October 18, 2010
NORTHBROOK, Ill., Oct. 19, 2010 - Underwriters Laboratories (UL), a world leader in safety testing and certification, is announcing a new training program to help educate law enforcement, regulatory authorities and private sector investigators on intellectual property (IP) crimes. Developed in partnership with INTERPOL, the courses are designed to increase awareness and understanding of transnational organized IP crime syndicates and explore best practices that most effectively mitigate their activities. INTERPOL and UL will be showcasing program content at the 2010 International Law Enforcement Intellectual Property Crime Conference being held in Hong Kong, China on Oct. 19-21, 2010.
The 2010 International Law Enforcement IP conference, the first to be held in Asia, will bring together 450 IP crime investigators, prosecutors and private sector investigation specialists from more than 28 countries. Co-hosted by INTERPOL and Hong Kong Customs in partnership with UL, the event will facilitate a global discussion on enhancing cooperation to combat organized counterfeiting crimes and feature a keynote address from United States Attorney General Eric H. Holder.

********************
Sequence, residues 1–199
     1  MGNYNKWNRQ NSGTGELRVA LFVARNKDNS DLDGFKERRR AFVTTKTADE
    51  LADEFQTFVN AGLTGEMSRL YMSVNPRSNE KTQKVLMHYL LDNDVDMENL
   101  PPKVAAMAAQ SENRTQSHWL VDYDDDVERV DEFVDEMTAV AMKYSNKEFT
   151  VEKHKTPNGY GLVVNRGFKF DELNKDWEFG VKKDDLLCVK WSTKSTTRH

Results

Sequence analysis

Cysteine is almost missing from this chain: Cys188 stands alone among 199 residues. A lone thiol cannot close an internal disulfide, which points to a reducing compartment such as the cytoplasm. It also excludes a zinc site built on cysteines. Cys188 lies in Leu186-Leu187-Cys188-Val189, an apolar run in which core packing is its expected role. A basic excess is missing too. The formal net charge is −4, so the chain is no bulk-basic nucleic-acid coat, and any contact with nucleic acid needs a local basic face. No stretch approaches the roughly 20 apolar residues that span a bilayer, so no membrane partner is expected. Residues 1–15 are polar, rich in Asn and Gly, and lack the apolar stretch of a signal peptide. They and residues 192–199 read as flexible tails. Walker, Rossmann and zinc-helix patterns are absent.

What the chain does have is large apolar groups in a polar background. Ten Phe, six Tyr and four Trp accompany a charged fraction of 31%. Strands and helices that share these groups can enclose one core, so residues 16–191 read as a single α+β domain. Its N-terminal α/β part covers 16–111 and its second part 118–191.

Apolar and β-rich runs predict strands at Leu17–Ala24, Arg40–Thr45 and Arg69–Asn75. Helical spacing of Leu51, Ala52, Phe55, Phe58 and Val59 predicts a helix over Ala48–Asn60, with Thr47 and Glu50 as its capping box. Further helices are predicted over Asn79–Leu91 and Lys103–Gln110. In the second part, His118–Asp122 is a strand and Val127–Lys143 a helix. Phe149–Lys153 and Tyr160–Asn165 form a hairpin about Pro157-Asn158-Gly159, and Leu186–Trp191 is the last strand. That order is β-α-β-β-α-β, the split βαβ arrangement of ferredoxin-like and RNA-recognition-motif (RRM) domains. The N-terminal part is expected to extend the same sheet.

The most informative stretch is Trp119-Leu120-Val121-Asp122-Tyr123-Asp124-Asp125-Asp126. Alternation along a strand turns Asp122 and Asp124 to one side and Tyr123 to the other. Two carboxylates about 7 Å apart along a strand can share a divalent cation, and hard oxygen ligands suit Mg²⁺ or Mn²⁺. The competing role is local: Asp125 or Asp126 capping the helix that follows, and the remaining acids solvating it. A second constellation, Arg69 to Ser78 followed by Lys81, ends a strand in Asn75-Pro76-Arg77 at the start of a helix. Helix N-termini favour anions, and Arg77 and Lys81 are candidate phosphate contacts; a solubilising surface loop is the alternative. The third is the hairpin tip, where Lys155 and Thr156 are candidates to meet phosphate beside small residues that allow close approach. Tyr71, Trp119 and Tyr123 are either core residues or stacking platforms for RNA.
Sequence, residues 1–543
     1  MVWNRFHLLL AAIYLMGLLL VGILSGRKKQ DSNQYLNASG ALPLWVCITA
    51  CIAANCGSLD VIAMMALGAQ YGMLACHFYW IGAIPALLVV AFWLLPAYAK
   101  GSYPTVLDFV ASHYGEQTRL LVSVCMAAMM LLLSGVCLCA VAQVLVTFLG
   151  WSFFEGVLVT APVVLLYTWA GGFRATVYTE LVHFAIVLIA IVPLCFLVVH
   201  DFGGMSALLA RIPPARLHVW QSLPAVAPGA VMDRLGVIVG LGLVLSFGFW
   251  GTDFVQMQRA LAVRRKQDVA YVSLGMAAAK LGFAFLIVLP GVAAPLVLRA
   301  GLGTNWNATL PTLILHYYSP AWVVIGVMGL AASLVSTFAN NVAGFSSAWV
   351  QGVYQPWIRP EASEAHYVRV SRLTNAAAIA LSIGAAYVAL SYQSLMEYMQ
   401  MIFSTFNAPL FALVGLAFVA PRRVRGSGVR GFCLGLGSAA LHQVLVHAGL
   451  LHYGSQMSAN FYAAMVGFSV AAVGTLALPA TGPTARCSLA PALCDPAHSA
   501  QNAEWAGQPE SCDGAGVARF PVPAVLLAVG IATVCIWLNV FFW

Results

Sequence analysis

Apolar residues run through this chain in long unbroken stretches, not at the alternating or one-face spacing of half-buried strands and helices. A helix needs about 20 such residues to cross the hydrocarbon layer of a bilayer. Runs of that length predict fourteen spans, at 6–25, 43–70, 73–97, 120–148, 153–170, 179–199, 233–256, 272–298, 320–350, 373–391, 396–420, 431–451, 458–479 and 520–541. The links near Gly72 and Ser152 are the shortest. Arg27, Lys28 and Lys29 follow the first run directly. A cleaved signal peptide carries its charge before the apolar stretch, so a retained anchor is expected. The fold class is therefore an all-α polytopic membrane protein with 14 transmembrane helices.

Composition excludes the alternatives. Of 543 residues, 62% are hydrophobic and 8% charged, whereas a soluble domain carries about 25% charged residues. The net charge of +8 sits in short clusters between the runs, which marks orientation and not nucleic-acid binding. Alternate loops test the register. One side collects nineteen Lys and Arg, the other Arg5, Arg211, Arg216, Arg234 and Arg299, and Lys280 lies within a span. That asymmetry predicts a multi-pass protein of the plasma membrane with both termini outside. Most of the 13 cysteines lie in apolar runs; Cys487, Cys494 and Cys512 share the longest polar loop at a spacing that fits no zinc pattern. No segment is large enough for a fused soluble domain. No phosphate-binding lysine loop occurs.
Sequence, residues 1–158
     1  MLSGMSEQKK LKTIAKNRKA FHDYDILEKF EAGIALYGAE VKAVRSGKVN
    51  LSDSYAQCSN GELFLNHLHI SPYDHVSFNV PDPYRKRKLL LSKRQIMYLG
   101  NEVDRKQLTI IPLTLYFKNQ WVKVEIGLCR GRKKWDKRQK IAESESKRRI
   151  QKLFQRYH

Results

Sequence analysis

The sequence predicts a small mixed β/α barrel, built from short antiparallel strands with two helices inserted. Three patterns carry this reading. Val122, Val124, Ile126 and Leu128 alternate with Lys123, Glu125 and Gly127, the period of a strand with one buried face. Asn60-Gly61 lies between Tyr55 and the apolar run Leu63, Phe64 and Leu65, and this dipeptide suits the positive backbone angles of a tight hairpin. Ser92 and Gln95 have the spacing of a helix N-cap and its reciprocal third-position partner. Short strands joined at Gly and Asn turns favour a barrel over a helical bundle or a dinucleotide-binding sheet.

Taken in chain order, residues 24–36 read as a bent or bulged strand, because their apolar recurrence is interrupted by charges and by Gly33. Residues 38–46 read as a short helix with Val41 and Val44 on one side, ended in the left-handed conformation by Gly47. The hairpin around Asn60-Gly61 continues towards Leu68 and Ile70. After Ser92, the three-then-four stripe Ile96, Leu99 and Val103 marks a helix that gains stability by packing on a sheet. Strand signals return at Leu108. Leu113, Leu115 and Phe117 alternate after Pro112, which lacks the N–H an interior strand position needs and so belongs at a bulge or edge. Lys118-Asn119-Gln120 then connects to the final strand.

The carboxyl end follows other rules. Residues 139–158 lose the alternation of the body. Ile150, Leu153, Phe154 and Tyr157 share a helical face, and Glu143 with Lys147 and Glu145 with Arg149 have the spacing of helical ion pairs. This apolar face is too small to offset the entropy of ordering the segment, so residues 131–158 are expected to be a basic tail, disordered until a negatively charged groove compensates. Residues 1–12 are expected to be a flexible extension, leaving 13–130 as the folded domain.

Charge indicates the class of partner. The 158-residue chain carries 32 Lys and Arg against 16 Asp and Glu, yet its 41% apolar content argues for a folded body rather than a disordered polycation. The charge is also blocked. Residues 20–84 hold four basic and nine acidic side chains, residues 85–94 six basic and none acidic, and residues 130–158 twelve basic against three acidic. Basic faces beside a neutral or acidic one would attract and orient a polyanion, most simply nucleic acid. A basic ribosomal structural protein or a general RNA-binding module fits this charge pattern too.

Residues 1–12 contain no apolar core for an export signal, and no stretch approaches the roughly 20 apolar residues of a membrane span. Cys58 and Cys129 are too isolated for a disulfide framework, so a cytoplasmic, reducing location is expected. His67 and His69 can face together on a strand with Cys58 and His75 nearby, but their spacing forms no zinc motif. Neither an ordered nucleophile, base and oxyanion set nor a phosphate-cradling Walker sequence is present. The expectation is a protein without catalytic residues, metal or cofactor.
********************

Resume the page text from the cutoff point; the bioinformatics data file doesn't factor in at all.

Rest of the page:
"There are no simple answers to the complexities of organized IP crime, but solutions can be developed through cooperation and partnership," said Brian Monks, UL's Vice President of Anti-Counterfeiting Operations. "Intellectual property violations and counterfeiting crimes pose safety and reliability concerns for consumers and manufacturers across the globe, and require the coordinated efforts of industry, federal agencies, and law enforcement worldwide. Together, we can continue enhancing safeguards that help keep counterfeit products out of consumer hands and improve our most effective weapon against this global threat."
The training program consists of three sequential module levels, and UL anticipates that the introductory level will be launched in January 2011. This first level is comprised of seven courses designed to address the presence and impact of IP crimes, build understanding of the effect on various products and industry sectors, analyze transnational counterfeiting activity, and explore case studies on best practices for combating the criminal activity on a global scale.
The courses are facilitated through the International IP Crime Investigator's College (IIPCIC), a fully interactive online IP crime training facility developed by the INTERPOL Intellectual Property Rights Programme in cooperation with Underwriters Laboratories. The College's main objective is to deliver leading edge training to investigators worldwide and facilitate the skills necessary to effectively combat current and emerging threats from IP crime.
For more than sixteen years, UL's Anti-Counterfeiting Operations (ACO) has been working to protect the safety of consumers around the world from the potential hazards associated with goods bearing counterfeit UL Marks. The anti-counterfeiting training program is another extension of UL's mission to support the production and use of products that are physically and environmentally safe.